23. The method of
changing the significance criterion to a different criterion; and
determining which of the significance results meets the different criterion.
24. The method of
calculating a probability that a first network address will be requested by a user during a session;
25. The method of
26. The method of
27. The method of
28. The method of
the first graph comprises arrows between nodes; and
29. A data processing system readable medium having code embodied therein, the code comprising:
an instruction for performing a significance test on user clickstream data from a network log and generating significance results, the network log storing activities of a plurality of users;
an instruction for determining which of the user clickstream data from the network log meet a traffic flow criterion and which of the significance results meet a significance criterion to form determined data; and
an instruction for generating a first graph based on the determined data, wherein the first graph comprises a node-and-line format and line segments between nodes and wherein the instruction for generating the first graph further comprises:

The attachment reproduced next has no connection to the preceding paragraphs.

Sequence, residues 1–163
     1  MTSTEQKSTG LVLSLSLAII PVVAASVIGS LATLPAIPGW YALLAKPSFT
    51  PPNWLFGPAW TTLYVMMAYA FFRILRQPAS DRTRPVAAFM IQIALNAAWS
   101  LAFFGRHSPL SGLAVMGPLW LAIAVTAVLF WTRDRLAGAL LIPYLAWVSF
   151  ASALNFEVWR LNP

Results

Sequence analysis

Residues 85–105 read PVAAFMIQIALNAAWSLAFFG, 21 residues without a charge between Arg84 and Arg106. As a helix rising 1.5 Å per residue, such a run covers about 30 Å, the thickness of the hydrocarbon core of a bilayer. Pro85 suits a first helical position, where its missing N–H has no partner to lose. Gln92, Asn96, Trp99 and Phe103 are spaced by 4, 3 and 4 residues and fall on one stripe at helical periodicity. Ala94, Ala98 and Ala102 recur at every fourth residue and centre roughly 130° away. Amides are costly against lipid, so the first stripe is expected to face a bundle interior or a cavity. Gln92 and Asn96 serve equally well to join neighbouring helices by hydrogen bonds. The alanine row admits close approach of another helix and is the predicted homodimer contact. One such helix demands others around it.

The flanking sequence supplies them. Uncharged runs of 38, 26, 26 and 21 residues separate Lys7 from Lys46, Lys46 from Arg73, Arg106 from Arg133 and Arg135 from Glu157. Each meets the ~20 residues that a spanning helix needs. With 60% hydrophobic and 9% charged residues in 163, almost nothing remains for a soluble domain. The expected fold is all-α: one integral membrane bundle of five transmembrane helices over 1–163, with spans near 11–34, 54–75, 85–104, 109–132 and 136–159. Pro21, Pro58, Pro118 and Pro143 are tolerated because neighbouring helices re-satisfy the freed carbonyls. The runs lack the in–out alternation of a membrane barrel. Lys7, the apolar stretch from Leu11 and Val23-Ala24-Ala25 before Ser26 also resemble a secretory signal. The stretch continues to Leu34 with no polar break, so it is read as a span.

an instruction for placing a first number near a corresponding line segment between a first node and a second node, wherein the first number comprises one of the significance results and represents a significance between a first network address, which corresponds to the first node, and a second network address, which corresponds to the second node; and
an instruction for placing a second number near the corresponding line segment, wherein the second number comprises a click distance between the first network address and the second network address.
30. The data processing system readable medium of
an instruction for calculating a probability that a first network address will be requested by a user during a session;
an instruction for calculating a probability that a second network address will be requested by the user during the session; and
an instruction for calculating a probability that the first network address and the second network address will be requested by the user during the session.
31. The data processing system readable medium of